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Police issue football ultimatum

Acting Deputy Commissioner Martin Weekes (File photograph)

The Bermuda Police Service have threatened to stop football being played at Police Field if clubs that use the ground persist in allowing gang members to play for them.

In a letter sent to the Bermuda Football Association and the island’s clubs after a meeting this month, Martin Weekes, the acting deputy commissioner, promises a “zero tolerance” approach and warns that it is time for clubs and teams to stop allowing gang members to travel to away games.

It is understood that Boulevard Community Club and Paget Football Club have already received letters from the police, informing them that several of their players are no longer welcome at Police Field. The letters were sent out before the Friendship Trophy and First Division Shield games that took place on November 14.

Boulevard, who made a much publicised attempt to rid the club of gang members several years ago, are believed to have had four players who were deemed unacceptable; Paget, two.

“It has been the Bermuda Police Service’s position for some time that the dangers caused to the public and to the footballing community by the practice of teams fielding persons that are identified as being actively involved in gang and criminal activities outweigh any benefits that their skill on the field can bring to Bermuda football,” Mr Weekes wrote.

“It is time for teams and clubs, particularly, to recognise the liability issues surrounding the continued practice of travelling to ‘away’ games with gang members on their teams when violence, which could otherwise have been avoided, ensues during or after games.”

Incidents of gang violence surrounding football, at Somerset Cricket Club and Southampton Rangers Sports Club in particular, appear to have motivated the police to take a stand, with Mr Weekes writing that getting its own house in order was the police’s first priority.

“With a view to setting standards at our own club premises, the Bermuda Police Service wishes to inform you that, going forward, we will operate a ‘zero tolerance’ attitude to persons we have identified as persons involved in gang and criminal activity, utilising the Police Field,” Mr Weekes wrote in the letter addressed to David Sabir, the BFA general secretary.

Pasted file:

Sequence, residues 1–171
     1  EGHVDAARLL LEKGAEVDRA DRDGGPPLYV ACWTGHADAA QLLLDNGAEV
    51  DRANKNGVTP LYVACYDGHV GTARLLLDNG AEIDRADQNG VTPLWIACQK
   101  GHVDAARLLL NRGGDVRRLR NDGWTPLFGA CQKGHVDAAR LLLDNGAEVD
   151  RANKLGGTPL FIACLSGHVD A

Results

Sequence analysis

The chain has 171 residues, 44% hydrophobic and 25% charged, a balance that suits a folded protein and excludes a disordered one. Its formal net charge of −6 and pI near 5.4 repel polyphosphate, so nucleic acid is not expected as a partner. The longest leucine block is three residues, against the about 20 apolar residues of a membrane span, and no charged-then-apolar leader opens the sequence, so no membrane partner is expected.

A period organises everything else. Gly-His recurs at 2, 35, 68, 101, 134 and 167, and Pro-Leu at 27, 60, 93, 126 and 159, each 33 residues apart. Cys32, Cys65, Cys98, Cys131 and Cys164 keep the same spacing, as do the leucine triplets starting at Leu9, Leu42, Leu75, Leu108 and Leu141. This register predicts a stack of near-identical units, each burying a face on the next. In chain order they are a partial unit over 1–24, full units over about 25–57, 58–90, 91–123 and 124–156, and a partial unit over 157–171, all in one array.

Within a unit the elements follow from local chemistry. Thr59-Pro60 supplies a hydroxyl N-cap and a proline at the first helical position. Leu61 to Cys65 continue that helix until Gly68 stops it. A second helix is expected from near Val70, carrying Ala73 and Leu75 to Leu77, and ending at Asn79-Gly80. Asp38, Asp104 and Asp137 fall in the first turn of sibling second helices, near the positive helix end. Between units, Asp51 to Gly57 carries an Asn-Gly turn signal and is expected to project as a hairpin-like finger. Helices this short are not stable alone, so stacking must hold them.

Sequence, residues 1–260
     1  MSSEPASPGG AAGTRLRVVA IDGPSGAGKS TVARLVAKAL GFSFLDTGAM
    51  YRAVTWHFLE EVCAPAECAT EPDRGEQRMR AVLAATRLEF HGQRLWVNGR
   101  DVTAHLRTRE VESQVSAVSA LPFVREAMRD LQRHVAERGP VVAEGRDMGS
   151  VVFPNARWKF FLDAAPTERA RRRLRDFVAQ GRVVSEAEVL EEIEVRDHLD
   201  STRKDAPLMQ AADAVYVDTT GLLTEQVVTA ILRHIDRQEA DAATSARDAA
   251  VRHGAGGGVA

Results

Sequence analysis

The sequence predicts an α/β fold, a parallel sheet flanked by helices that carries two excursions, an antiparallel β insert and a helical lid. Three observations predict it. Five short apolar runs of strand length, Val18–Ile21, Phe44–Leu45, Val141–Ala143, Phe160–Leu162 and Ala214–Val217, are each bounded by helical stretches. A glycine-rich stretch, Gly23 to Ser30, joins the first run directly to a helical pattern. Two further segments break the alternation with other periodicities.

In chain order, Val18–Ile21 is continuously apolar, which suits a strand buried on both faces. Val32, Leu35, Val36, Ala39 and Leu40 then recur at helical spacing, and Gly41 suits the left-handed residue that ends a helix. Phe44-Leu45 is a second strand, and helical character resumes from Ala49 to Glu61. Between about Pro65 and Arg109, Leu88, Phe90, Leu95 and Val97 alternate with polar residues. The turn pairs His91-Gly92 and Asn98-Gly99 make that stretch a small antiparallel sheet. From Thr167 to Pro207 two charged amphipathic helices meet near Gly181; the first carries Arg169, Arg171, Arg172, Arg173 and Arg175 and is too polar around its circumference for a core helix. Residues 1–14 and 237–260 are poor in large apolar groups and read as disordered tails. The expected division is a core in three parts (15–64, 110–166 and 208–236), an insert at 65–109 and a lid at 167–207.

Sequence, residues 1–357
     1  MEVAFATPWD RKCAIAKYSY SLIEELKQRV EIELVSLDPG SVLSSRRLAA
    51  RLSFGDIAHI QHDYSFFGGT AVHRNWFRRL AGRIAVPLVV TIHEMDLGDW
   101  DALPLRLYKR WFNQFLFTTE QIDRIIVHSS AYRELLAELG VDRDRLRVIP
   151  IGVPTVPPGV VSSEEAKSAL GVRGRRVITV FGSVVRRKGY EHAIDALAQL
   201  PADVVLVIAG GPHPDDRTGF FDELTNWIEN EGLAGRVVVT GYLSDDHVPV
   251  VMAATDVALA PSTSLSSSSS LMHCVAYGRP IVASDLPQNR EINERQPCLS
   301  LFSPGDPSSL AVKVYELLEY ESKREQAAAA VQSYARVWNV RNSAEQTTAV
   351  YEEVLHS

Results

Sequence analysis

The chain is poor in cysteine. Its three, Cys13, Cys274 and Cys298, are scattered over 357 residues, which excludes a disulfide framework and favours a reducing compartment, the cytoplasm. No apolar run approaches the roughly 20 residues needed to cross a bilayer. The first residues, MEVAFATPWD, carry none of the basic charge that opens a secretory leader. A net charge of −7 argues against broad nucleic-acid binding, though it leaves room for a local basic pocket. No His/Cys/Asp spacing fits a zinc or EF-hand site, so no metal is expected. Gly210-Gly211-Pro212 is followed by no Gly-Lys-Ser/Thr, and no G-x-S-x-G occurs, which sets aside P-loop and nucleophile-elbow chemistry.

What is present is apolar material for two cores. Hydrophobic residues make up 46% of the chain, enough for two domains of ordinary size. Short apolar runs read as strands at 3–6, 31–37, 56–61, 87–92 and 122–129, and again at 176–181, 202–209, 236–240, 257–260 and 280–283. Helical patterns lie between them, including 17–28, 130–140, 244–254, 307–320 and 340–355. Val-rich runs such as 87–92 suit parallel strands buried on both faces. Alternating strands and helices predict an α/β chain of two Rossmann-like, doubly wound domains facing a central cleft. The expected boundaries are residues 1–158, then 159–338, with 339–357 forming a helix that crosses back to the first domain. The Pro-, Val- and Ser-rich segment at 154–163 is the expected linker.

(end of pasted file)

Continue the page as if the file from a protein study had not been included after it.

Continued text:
“Officers will be in attendance at games played at Police Field going forward and will work with club officials to identify these persons and to inform them that they are not welcome to play at the Police Field. I wish to make it clear that the Bermuda Police Service is not targeting any club or team in particular and will apply this policy to all teams and indeed all sports currently played at Police Field.”

Mr Weekes finished by informing Mr Sabir and the clubs that spectator behaviour, primarily the smoking of cannabis at games, will also be clamped down upon, with police officers at matches to ensure the policy is enforced.

A failure by clubs to support the police in this will result in police rescinding “our permission for the BFA to schedule fixtures at Police Field”.

The BFA responded by releasing a statement: “The BFA supports any efforts to protect the game and the match-day environment.

“We look forward to ongoing dialogue with the Bermuda Police Service as it pertains to football, in particular, assistance with our Bermuda Antisocial Behaviour Policy.

“We acknowledge that our clubs will need assistance in dealing with the antisocial behavior, which manifest itself throughout various parts of Bermudian society.”

The police stance puts the onus on the BFA, which in the past has insisted that football does not have a gang problem.

Larry Mussenden, the former BFA president, reiterated this after Rickai Swan was shot dead last year by Shantoine Burrows in gang violence at Southampton Oval.

“We refute the suggestion that there is a significant or any gang problem in football,” Mr Mussenden, who is now the Director of Public Prosecutions, said in an interview with The Royal Gazette in October 2015.

In that interview, Mr Mussenden pointed to the tough stance the BFA took on antisocial behaviour, with players forced to submit to vetting by police, while clubs are mandated to “vet their players and remove any who have breached the policy by any conduct whatsoever in the wider community and courts”.

Mr Mussenden went on to say that the BFA would not hesitate to “ban anyone from playing football. Together, we will never let the criminal actions of a few miscreants spoil the beautiful game”.

For Mr Weekes’s letter in full, click on the PDF under “Related Media”